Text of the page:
Catch up on any of the neurology news headlines you may have missed over the course of the last month, compiled all into one place by the NeurologyLive® team.
Several FDA actions took place in February 2022, including an approved medication to treat spasticity of multiple sclerosis, a resubmission of pimavanserin, and several cleared studies set to get underway in Parkinson disease and Alzheimer disease.
With all the treatments that have progressed through the pipeline of clinical development, the NeurologyLive® team has been hard at work covering all the agency movements to make sure you are up to date on the latest news in neurology. To give you a chance to catch up on any of the headlines you may have missed over the course of the last month, we’ve compiled all the updates into one place. The coverage includes the latest FDA approvals, new designations, submissions and resubmissions, and clinical trial initiations and holds.
Click the read more buttons for more detail and information about each update.
On February 7, the FDA approved Azurity Pharmaceuticals’ baclofen oral suspension Concentrated Formulation, in doses of 25 mg per 5 mL (5 mg/mL) for the treatment of spasticity in patients with multiple sclerosis. Is intended to provide relief of flexor spasms and concomitant pain, clonus, and muscle rigidity, the new liquid formulations offers an additional benefit for patients who have trouble swallowing pills.1
Available as a generic medication in the US since 1977, the new formulation is expected to be used to also treat patients with spinal cord injuries and other spinal cord diseases. The medication is not indicated for the treatment of skeletal muscle spasms resulting from rheumatic disorders.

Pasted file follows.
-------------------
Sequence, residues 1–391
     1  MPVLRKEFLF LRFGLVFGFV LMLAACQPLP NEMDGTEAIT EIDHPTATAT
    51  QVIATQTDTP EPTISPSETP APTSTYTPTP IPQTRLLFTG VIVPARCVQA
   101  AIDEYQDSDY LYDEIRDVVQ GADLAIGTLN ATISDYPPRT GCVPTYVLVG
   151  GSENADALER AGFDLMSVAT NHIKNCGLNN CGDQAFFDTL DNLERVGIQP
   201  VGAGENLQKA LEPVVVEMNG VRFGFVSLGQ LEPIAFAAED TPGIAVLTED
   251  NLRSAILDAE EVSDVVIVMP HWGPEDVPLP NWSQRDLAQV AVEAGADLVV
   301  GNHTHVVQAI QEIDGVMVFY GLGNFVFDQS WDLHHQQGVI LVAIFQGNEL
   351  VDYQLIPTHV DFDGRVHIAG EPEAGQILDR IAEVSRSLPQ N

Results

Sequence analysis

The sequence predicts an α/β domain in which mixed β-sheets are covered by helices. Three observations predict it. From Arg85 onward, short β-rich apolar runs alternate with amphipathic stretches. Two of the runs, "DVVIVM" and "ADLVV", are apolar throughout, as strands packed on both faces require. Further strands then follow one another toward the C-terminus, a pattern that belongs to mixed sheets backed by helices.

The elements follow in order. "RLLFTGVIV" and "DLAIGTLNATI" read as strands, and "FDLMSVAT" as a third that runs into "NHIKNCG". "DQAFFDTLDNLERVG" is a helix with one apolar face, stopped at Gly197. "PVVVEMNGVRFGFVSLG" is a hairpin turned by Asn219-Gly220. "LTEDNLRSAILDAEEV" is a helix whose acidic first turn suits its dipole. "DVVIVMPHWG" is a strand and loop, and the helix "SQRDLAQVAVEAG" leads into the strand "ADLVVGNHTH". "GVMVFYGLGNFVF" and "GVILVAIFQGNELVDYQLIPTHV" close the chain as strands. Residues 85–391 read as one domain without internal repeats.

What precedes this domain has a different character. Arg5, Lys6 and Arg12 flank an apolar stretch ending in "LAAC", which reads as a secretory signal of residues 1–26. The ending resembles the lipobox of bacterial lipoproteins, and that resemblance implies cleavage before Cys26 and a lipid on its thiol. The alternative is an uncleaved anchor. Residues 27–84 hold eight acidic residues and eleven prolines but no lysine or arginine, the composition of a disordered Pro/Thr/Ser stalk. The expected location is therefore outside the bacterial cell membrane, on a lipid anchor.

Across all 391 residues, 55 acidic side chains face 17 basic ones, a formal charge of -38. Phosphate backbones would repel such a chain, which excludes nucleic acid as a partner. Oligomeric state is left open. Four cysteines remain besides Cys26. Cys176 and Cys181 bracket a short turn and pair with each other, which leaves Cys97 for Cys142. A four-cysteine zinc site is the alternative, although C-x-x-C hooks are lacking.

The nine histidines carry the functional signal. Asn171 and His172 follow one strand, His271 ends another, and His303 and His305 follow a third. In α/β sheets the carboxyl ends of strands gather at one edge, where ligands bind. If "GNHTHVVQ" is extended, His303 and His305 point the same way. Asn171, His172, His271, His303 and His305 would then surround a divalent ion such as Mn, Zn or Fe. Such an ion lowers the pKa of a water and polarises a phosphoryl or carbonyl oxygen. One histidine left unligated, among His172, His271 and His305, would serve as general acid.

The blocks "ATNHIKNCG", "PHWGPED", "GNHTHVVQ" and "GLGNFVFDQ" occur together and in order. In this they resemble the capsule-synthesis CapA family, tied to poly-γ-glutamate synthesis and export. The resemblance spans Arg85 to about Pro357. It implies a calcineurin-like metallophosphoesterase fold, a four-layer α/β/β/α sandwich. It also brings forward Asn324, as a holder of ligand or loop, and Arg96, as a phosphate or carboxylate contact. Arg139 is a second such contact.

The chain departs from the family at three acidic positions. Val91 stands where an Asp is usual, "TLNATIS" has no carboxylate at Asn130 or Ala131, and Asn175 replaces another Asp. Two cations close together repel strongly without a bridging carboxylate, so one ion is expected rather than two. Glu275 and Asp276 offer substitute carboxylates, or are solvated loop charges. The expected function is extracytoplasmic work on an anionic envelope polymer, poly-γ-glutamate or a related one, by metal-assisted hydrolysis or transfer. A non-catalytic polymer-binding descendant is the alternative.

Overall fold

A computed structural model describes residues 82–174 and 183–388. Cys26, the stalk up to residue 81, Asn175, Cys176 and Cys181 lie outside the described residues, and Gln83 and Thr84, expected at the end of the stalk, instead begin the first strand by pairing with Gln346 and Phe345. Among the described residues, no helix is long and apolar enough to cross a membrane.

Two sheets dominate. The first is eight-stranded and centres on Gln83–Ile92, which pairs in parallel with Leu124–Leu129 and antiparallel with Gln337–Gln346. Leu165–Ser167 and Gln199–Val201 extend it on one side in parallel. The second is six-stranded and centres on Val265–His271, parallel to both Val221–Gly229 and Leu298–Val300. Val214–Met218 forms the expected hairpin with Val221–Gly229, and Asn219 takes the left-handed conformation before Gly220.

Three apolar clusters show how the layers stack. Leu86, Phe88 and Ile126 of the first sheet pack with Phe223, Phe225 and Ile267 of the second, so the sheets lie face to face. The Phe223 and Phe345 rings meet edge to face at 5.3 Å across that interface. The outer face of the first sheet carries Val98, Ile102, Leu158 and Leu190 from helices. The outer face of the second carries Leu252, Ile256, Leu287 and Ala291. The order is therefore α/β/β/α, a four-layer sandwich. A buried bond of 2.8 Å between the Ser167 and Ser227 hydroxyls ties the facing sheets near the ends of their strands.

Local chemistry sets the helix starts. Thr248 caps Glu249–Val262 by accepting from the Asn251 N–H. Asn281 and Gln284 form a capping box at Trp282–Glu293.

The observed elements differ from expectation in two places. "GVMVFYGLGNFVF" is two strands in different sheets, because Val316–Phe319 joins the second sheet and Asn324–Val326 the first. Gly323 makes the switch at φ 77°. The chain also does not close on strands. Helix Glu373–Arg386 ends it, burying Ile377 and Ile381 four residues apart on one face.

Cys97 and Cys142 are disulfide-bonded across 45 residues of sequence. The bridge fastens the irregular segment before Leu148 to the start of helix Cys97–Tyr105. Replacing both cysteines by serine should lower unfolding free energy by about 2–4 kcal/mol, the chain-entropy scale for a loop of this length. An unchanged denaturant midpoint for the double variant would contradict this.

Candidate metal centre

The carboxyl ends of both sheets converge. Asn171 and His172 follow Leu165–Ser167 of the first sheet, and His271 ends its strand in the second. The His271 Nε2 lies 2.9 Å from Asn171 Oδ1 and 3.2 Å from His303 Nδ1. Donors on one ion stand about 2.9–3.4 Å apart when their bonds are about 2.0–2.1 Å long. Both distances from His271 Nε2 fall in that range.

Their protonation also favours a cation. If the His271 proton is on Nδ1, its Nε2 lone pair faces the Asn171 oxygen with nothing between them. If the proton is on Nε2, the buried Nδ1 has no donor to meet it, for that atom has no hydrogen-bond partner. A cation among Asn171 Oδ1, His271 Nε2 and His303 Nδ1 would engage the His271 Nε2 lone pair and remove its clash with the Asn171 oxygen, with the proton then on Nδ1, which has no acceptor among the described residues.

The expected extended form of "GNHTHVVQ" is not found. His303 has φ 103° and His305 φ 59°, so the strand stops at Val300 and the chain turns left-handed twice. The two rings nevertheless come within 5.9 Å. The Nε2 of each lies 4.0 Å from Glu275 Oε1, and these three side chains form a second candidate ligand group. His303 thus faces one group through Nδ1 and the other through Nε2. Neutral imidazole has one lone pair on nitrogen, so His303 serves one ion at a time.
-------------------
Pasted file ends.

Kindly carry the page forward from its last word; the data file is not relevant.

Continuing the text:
Amit Patel, chairman and chief executive officer of Azurity Pharmaceuticals, said in a statement at the time that “the approval of Fleqsuvy represents our commitment to providing innovative alternative formulations that address individualized patient needs. The clinical profile of Fleqsuvy allows for a tailored and flexible approach to dosing for patients suffering from spasticity, a debilitating symptom that may impact daily functioning.”
In late February, Acadia Pharmaceuticals resubmitted their supplemental new drug application (sNDA) to the FDA for pimavanserin (Nuplazid) to treat hallucinations and delusions associated with dementia-related psychosis (DRP).2 Pimavanserin, a selective serotonin inverse agonist and antagonist preferentially targeting 5HT2A receptors, had its sNDA originally accepted in July 2020, but months later, in July 2021, the FDA issued a complete response letter (CRL), stating it could not approve the drug in its present form.3
The agency cited a lack of statistical significance in some of the subgroups of dementia and insufficient numbers of patients with certain less common dementia subtypes. The single-center phase 2 Study -019, a supportive study in the sNDA filing, was considered not adequate and well-controlled in the original CRL. The resubmission included additional analyses from that study as well as the pivotal phase 3 HARMONY study (NCT03325556). In HARMONY, pimavanserin met its primary end point, significantly reducing the risk of relapse of psychosis by 2.8-fold compared with placebo (HR, 0.353; one-sided P = .0023).4 The double-blinded, placebo-controlled trial included 392 patients with various dementia subtypes, including Alzheimer disease, Parkinson disease (PD) dementia, dementia with Lewy bodies, vascular dementia, and frontotemporal dementia.